Causes and Events leading to Civil War

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Causes and Events leading to Civil War

  1. 1.  Should newly acquired land from Mexico be slave? Should people vote to decide? Do people have the right to bring their “property “ anywhere?
  2. 2.  The North believed the national government should be more powerful, while the South believed that states’ rights should prevail.
  3. 3.  The North was aided by protective tariffs that were established during the War of 1812 ( ie. The Tariff of Abomination) to protect the country’s new infant industries. It was effective at the time, but while it supported the North, it hurt the South. There was no similar protective tariffs for agricultural products in the South.
  4. 4.  The movement by blacks and whites, women and men, to end slavery. They used techniques like organizations, legislation, rebellion, schools, escapes, and newspapers/books.
  5. 5.  Sectionalism – 1800’s – north and South grew differently based on economic development. › North – industrial › South – Agricultural IMPACT: This led to competition between the two sections and eventually to unequal tariff protections that led to secession
  6. 6.  Invention that led to increased demand for slaves. › 1792 only 6,000 bales of cotton produced › 1802 -100,000 › 1860 - 4,000,000,000. › The labor intensive work of removing seed from cotton was now replaced by the machine. Now owners could use the enslaved labor to plant and harvest many more acres of cotton, instead of devoting so much of their time to seed separation. IMPACT: This led to increased demand for cheap slave labor to increase plantation profits. South became more entrenched in the system of slavery, at the same time the North was moving away from slavery for both economic and moral reasons.
  7. 7.  Congress passed a new tax in 1828 on manufactured European goods in order to protect new American industries- Americans would them buy cheaper American goods IMPACT: it protected new Northern industries, but it hurt the south economically because they had to pay extra taxes. South Carolina threatens to secede. Nullification (1828) Sen. Calhoun proposed that states had the right to declare Federal law null and void (response to tariff) – reinforces the idea of state’s rights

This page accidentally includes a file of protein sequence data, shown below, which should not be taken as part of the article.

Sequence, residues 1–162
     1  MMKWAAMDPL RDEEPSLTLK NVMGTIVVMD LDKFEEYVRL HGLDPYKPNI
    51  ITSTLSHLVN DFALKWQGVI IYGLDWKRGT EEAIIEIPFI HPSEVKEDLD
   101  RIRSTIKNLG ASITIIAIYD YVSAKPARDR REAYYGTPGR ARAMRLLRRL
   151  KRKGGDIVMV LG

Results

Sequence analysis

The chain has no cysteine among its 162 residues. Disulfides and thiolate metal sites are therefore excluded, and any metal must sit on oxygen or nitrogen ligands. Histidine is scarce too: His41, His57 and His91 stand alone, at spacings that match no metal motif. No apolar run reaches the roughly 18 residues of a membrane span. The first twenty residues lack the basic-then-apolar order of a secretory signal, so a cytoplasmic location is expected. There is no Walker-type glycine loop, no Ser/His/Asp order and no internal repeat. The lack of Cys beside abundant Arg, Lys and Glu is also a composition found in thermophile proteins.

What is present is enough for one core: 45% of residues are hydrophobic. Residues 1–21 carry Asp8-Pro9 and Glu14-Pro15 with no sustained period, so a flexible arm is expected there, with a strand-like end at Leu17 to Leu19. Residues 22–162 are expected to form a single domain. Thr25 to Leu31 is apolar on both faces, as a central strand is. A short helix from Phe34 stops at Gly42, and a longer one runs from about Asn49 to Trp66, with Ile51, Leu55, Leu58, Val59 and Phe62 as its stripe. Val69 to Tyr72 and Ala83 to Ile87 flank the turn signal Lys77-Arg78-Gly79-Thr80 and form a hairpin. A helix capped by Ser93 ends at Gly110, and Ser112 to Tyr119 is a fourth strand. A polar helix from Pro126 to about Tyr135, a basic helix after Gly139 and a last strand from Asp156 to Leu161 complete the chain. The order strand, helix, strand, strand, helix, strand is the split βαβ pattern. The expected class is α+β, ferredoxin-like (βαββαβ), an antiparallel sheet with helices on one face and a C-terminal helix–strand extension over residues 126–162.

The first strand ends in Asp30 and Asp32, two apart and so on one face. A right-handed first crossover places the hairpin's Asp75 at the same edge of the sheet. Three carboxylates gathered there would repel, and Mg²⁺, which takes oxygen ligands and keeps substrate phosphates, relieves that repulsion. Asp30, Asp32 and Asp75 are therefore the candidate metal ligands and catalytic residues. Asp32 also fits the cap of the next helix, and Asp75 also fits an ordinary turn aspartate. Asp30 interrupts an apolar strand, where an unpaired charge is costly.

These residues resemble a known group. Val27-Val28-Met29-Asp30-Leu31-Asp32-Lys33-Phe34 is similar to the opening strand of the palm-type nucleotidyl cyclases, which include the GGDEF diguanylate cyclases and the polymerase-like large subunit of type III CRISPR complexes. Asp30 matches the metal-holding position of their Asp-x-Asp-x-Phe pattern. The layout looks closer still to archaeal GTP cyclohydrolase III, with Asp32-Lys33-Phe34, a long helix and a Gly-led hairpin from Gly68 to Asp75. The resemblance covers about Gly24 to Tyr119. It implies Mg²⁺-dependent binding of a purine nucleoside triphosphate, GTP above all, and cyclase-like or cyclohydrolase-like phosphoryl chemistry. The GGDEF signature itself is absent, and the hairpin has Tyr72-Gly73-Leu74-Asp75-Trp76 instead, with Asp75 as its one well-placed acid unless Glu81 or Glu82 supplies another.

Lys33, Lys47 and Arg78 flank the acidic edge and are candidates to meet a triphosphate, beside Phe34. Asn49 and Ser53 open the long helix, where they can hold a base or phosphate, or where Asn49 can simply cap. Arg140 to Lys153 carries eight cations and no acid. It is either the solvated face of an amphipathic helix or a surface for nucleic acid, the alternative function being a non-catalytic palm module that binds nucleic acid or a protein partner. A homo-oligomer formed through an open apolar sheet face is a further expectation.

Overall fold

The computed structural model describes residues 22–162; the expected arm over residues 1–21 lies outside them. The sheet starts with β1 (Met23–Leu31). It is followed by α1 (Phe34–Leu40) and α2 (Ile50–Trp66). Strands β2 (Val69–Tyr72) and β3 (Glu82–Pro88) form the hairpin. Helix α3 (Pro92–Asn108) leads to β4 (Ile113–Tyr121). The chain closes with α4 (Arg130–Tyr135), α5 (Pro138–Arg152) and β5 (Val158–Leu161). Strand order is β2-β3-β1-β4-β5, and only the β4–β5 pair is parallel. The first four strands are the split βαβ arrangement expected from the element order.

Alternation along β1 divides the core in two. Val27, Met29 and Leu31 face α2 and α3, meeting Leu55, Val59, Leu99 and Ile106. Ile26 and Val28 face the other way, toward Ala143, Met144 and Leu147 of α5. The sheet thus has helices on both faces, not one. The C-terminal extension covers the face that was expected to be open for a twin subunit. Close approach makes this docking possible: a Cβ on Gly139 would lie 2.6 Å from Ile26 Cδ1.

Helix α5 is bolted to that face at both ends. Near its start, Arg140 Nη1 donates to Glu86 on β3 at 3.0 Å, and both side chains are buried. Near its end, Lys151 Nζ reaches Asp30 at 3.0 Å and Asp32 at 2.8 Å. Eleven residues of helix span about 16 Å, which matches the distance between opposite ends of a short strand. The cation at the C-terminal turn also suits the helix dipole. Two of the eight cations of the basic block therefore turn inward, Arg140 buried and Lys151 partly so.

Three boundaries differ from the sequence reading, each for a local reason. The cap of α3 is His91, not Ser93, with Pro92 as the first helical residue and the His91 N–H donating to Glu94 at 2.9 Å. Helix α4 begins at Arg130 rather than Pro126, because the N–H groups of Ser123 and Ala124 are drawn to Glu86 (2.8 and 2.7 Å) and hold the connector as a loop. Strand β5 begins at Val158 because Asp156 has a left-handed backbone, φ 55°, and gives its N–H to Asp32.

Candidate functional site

8. 8.  A line is drawn at the 36’30 › All territories above the line must enter as free states › All territories below the line must enter as slave states States must enter as pairs- one free/one slave- in order to preserve a balanced vote in Congress IMPACT: Successfully prevented Civil War/ southern secession for over 40 years
  9. 9.  Organized efforts to end slavery › American Colonization Movement to Liberia › American Anti – Slavery Society founded › William Lloyd Garrison “The Liberator” › Fredrick Douglas – “The North Star” › Grimke Sisters – refuse “blood money – inheritance of slaves › Sojourner Truth – Fights for women and black rights. IMPACT: Successfully helps 1,000’s Africans to freedom, but increases the tension/ conflict between the north and the south